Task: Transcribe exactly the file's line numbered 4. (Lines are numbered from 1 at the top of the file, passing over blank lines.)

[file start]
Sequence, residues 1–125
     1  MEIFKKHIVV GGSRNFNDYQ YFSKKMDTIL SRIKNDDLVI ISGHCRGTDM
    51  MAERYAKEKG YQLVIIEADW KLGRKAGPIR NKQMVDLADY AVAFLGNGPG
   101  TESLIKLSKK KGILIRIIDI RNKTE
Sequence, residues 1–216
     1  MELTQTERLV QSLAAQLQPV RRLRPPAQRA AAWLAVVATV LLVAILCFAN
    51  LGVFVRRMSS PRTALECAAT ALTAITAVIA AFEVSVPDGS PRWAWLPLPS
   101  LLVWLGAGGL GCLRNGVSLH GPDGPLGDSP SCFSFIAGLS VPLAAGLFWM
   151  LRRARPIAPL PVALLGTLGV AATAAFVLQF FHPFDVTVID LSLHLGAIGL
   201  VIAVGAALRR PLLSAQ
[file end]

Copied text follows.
   101  TESLIKLSKK KGILIRIIDI RNKTE